Review Summary: Congratulations shows MGMT refusing to become stagnant after just two albums.
Let’s face it – there is a great big world outside of Sputnik, and the vast majority of that world knows three songs by MGMT. “Time to Pretend”, Electric Feel”, and “Kids” took over popular radio stations for the last two years – and rightfully so. The songs were bizarre and ridiculously catchy; an identity that has stuck with the band very early on in their musical career. Enter 2010, where MGMT presents their second effort Congratulations
. If the title wasn’t enough to make you wary, the album’s cover art featuring a purple and orange cat surfing had to at least make you suspect that a sophomore slump was brewing. Then came the streaming of “Flash Delirium” which, while vastly intriguing, wasn’t nearly as catchy as any of the three aforementioned songs from Oracular Spectacular
. It all seemed to add up. MGMT was headed for a letdown, right?
Well, this time a bleak outlook actually took a turn for the best as MGMT released an album every bit as good as Oracular Spectacular
– only different. Those who listen to MGMT for monstrously catchy singles will undoubtedly be disappointed, but Congratulations
uses its uniqueness to pick up the slack created by what seems to be an absence of one album-defining song. What we have here is a collection of tracks that each contribute something to the album, but do not necessarily hold up on their own. This does not become evident after one listen, but Congratulations
is definitely a grower whose songs reveal their importance more and more with each successive listen. This is no coincidence, as the band released a statement prior to the album’s streaming saying, “We've been talking about ways to make sure people hear the album as an album in order…and not just figure out what are the best three tracks, download those and not listen to the rest of it." Obviously, the band must have been frustrated with their identity boiling down to a couple of catchy mainstream hits. Congratulations
shows a focused energy on creating a true “album”, which means that it won’t appeal to all listeners.
follows in the 60’s style psych-pop footsteps of “Oracular Spectacular”, but manages to differentiate itself on several different fronts. Perhaps the most notable is MGMT’s first instrumental track, “Lady Dada’s Nightmare”. Each instrument is carefully introduced, starting off with a synthesized organ and then adding some light piano notes, restrained electric guitar, and eventually thunderous drum beats and a howling wind that seems to beckon the listener like a wailing siren. MGMT have created songs that garnered a great number of adjectives, but “breathtaking” was never one of them until now. “Lady Dada’s Nightmare” leads right into the album’s title track and closing song, “Congratulations”. This song is also a highlight; with Pink Floyd-like vocals that work surprisingly well with MGMT’s take on psychedelic rock. “Flash Delirium” is another track that refuses to be ignored. As I mentioned before, this song is not as catchy as “Time to Pretend” or “Kids”, but it works a lot better within the context of the album. From the eerie, almost middle-eastern sounding introduction to the broken woodwind notes, “Flash Delirium” sounds like nothing MGMT has ever written before. This once again serves to distinguish Congratulations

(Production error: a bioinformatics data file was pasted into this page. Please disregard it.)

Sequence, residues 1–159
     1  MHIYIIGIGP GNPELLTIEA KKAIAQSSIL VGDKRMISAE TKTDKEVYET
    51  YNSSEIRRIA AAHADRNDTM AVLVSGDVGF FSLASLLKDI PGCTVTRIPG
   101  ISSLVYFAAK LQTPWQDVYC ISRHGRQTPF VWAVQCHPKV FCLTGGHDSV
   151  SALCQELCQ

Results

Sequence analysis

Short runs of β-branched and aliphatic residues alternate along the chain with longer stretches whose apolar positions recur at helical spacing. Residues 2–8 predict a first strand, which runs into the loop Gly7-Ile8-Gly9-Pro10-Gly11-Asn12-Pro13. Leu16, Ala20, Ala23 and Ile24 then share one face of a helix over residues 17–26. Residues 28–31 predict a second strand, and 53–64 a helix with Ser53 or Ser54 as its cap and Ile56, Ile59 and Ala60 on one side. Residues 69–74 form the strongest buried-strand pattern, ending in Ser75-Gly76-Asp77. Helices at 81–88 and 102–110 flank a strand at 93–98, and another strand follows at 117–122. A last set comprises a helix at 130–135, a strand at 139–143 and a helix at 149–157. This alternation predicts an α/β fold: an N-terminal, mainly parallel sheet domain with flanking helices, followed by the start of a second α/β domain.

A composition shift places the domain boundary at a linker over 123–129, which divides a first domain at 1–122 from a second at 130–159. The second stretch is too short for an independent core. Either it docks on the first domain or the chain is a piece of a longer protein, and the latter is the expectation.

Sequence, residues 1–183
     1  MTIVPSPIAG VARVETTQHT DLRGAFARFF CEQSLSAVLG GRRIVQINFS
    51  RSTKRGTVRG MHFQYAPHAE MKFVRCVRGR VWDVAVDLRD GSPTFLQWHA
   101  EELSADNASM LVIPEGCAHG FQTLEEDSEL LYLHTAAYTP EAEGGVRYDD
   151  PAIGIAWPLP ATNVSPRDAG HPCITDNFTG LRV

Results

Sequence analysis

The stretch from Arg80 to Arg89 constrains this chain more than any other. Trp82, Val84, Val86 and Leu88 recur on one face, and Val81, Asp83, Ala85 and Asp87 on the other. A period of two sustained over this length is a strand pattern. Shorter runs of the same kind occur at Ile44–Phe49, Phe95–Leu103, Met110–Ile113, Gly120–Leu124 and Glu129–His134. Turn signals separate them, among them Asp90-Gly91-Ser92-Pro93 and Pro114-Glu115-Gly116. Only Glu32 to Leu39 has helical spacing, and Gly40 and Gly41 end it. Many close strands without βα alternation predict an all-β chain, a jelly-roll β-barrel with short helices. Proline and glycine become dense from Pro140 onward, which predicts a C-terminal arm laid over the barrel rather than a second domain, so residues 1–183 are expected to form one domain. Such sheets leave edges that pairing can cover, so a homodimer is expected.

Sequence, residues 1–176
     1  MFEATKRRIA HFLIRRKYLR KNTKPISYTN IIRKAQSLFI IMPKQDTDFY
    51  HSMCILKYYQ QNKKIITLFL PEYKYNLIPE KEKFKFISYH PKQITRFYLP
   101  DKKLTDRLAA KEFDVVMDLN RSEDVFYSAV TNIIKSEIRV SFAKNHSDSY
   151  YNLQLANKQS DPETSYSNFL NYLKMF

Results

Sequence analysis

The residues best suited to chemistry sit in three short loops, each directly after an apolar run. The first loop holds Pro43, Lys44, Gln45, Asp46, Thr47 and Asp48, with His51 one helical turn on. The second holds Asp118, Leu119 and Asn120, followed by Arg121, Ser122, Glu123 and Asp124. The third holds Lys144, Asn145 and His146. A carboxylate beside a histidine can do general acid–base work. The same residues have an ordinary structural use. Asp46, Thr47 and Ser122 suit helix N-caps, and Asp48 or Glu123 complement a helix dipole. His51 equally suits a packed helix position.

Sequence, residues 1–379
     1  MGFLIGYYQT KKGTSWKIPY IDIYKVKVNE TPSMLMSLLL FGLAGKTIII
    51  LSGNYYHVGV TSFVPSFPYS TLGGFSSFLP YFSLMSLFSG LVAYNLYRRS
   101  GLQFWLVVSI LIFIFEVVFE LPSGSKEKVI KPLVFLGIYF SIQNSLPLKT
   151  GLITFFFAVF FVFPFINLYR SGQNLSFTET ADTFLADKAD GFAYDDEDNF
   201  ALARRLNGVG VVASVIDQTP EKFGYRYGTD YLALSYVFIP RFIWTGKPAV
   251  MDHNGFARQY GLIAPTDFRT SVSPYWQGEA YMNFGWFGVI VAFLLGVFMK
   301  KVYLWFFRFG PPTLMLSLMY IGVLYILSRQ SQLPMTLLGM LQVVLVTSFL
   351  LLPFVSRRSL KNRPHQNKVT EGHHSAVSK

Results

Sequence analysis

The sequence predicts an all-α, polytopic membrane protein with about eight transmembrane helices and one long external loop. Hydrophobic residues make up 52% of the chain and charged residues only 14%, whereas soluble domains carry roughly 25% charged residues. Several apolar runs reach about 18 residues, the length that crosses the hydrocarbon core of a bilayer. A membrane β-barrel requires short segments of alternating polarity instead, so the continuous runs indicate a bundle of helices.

from Oracular Spectacular
, a goal that seems to go hand in hand with the band’s wish to create a unified album.
is not without its drawbacks, however. For starters, the album contains only 9 songs. When you consider that one of those songs is an instrumental track, fans of the mainstream MGMT will be mightily disappointed. Also, some of the songs – such as “I Found a Whistle” and “Someone’s Missing” - just fall flat. For a band whose foundation relies on them being fun and carefree, they can’t afford to have many boring tracks on such a short record. Unfortunately, this is the case with songs like these which, while polished and well-produced, have no real substance.
As a whole, Congratulations
shows MGMT refusing to become stagnant after just two albums. They shake things up, and in a way most people would not anticipate. Instead of moving even more in the mainstream direction, they actually make it a point to do the opposite. Their motives behind this change in direction are certainly respectable, as they wish for people to hear their albums as an experience rather than just a collection of singles. MGMT actually wanted to give the album away for free, but stated “That didn’t make sense to anyone but us." However, their intentions may earn them more respect from their fans. In the overall, the album is a bold move by a band seeking to be taken more seriously as artists. They succeed, and the result is a somewhat unexpected triumph by a band that is starting to really show what they are capable of.